Outkast, “Stankonia” (2000, 6 votes)
Live from the Center of the Earth? Seven Light Years below the surface? Which reminds me of Parliament and then goes straight into a series of sexual slurping sounds that could be straight out of Prince. Then they’re straight into talking about burning the American Dream on “Gasoline”. You know, the second interlude is straight out of Prince too. Oh, but then we start to slow jam into “So Fresh, So Clean”. I’ve got to say that makes a nice contrast to the political rage of the first song. These guys have range! Then “Mrs. Jackson”, a seemingly heartfelt mea culpa to the baby mammas and their mammas. That’s their words, not mine. Hey, and I just spotted a Kanye West sample, which makes sense, because the lyrical strength and musical sophistication here remind me of him. I wonder if he had a part in production here, or just followed their lead? By track 6 “Snappin’ & Trappin’”, we’re down in some gangster material thick with paranoia and a weird warbling sound effect in the background. Got to say I really like these guys so far, a quarter of the way in. Oh, and a “My Adidas” call-out on the otherwise darkly-inflected “Spaghetti Junction”. The next interlude and track actually gives the female voice some equal time, a rarity in 2000s hip-hop for sure. (Though admittedly, with its October 2000 release date, this album is more like 90s afterburn.) After which “B.O.B” gets fast and furious and brings up the Gulf War before Iraq II started. The next track is on to talk of hand grenades and homemade bombs. Pretty interesting given that this is all pre 9/11. I do like my artist as prophet. Then on “We Luv Deez Hoez” we get the artist as womanizing misogynist. Oh, boys… Which gets fully redeemed on “Humble Mumble”, half social critique and half silly rhyme play. Like I said earlier, these guys have range. They also have a good sense of sequencing in terms of sounds and themes, aka this is a really honest-to-goodness album. I like to think the next track “Red Velvet” is actually about cake. Not sure if I’m able to follow enough to tell, but they did just name-check Bill Gates. The interlude that follows is probably the first time a rap song featured the shout “break” since 1987. So, wrapping up now (track 20 of 24), where are we? I feel like this is either a gangster rap album with some uncommon self-reflection and mirthful musical inventiveness, or a conscious hip-hop album gone gangster. Either way, it doesn’t sound like everything else and I really like it. Oh, even more now that “Toilet Tisha” has chilled me with its heartfelt anguished tale of suicide. Which they knew to follow with a slow jam, a skit, and a gospel finale. I’d definitely put this toward the top of what I’ve listed to so far. Which is nice to be able to do since it’s the last hip-hop album in the mix. Well done 2000s hip-hop, well done…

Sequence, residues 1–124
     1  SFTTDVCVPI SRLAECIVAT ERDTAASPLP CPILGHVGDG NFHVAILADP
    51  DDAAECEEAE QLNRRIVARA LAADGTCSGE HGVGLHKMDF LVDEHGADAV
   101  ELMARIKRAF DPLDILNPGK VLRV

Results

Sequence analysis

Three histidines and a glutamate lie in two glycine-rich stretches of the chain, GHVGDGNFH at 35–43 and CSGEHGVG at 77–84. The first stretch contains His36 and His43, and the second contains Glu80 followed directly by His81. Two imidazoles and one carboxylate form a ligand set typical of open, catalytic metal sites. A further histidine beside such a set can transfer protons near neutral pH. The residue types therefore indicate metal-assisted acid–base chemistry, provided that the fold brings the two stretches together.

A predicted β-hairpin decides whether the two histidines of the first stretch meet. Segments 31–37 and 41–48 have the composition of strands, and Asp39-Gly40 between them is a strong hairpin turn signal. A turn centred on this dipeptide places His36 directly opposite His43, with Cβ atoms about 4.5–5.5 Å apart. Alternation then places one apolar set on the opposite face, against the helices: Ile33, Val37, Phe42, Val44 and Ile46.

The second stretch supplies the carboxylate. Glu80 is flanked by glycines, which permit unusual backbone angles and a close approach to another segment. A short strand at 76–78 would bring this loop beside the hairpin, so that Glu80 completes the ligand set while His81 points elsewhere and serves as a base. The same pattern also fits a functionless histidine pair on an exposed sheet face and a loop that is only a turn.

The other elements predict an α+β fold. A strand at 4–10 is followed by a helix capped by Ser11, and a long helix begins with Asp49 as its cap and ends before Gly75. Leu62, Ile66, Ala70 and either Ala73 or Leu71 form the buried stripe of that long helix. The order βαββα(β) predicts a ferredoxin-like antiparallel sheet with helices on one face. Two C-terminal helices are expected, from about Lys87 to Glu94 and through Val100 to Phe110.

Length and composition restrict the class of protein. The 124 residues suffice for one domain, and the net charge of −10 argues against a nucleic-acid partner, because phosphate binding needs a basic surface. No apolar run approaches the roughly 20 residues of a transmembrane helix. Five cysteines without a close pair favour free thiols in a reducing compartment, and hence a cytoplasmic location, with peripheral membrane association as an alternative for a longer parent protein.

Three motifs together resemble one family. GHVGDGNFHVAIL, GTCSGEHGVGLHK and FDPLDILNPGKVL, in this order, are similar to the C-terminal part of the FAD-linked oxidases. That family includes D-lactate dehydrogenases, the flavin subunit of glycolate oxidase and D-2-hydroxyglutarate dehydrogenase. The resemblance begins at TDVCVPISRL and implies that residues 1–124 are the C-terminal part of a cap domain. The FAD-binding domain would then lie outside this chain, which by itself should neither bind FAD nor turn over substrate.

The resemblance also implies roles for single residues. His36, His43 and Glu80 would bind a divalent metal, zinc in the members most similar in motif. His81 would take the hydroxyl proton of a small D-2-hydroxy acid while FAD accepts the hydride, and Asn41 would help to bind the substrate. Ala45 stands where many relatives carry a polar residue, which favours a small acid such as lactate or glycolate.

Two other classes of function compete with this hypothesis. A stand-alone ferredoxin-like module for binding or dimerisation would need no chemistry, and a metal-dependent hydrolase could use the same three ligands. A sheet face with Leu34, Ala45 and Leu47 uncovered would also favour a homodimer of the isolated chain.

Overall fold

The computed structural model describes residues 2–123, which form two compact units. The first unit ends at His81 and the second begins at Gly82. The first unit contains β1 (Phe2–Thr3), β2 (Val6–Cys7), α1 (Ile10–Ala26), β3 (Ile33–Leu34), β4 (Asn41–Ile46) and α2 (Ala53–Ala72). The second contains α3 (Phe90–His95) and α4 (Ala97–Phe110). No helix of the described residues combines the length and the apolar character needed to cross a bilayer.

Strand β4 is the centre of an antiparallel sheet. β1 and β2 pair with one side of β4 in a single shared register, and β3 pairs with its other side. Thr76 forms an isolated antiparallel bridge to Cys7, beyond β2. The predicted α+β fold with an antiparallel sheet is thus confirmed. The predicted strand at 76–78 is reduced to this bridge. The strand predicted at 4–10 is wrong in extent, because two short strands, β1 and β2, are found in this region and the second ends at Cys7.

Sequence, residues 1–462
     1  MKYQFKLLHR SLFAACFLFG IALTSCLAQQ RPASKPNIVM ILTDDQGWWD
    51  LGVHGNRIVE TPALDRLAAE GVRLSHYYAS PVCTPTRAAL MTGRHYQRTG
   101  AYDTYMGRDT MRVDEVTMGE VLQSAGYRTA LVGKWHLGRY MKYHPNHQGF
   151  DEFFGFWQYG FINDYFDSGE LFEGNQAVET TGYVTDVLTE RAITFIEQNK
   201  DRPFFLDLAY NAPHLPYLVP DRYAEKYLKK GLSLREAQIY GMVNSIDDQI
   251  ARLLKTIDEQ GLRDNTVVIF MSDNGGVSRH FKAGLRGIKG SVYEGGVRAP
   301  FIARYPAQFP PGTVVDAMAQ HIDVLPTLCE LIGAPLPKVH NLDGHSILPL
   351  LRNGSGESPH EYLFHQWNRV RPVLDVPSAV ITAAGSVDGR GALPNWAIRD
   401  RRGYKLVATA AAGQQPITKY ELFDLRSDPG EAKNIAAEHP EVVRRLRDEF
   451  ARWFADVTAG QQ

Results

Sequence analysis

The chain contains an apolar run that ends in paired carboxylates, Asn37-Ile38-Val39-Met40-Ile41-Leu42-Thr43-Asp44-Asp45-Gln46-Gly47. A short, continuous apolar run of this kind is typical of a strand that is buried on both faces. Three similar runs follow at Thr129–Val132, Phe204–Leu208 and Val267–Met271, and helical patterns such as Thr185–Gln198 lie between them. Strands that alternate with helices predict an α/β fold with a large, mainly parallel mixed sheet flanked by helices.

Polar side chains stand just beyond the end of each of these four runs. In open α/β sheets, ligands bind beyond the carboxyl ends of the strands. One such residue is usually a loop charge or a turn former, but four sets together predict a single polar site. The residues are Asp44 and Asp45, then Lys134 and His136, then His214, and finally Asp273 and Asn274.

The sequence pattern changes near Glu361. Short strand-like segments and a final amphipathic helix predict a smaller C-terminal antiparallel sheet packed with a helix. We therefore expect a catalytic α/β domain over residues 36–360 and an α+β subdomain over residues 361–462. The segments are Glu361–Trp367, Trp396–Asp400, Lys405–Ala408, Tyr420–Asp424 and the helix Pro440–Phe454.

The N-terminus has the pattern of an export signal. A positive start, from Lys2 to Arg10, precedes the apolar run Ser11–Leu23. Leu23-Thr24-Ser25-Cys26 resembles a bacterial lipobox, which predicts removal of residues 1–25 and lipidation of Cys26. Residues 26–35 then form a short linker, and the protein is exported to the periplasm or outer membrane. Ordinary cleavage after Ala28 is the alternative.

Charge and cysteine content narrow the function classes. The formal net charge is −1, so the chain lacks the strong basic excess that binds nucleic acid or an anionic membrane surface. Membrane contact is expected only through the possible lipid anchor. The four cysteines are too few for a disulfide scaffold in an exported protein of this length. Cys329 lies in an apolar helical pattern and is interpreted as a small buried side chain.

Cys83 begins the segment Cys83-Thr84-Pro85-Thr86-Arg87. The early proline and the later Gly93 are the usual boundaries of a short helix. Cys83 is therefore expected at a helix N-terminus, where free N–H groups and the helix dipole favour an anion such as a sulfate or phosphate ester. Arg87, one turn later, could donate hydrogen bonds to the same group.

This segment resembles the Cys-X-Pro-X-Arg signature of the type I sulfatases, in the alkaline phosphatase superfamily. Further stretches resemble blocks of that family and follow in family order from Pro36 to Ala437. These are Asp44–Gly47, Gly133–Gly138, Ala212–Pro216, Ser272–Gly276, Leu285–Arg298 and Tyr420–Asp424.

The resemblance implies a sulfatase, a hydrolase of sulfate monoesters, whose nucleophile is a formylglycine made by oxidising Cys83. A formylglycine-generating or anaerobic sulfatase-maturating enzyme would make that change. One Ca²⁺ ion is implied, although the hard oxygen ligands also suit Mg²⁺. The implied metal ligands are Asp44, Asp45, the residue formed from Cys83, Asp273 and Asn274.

Phoenix, “Wolfgang Amadeus Phoenix” (2009, 3 votes)

Well, I have to say this is a pleasant surprise. Based on the knowledge that they’re an indie band, and the self-consciously smart title, I was expecting something that would be like a lot of 00s Indie Rock: droning and bleary, or experimentally over-arty. Whereas “Listzomania” actually made me happy and had my head bouncing from the first second. This was more of an instant “like” than anything I’ve heard so far on this list. Definitely New Wave influenced, as a lot of the 00s Indie scene is, but not in a way that sounds like a day-glo mausoleum of the 80s. There are lyrics. Fairly dense lyrics. I think they mean something. But I don’t care because the surging Neo-New Wave rock is so much fun to listen to! Four tracks in now to “Fences”, and this is something I could picture listening to a lot. It certainly reminds me of things- Tegan and Sara’s “So Jealous”, Pretty Girls Make Graves, the Postal Service. And those are all things I like too. So it does appear, after all, that the Indie scene has somethinggoing for it. I’m sending that this probably doesn’t get to the profundity of Arcade Fire or Beck, but I don’t care! Listening to it makes me feel like a teenager waiting for my favorite moment in my new favorite song. Whoa-whoa-whoa-what? They’re French? Mon dieu! Goes to show you how accurate my prejudices are. Well done, continentals, well done.   

Next stop-albums 16 through 20!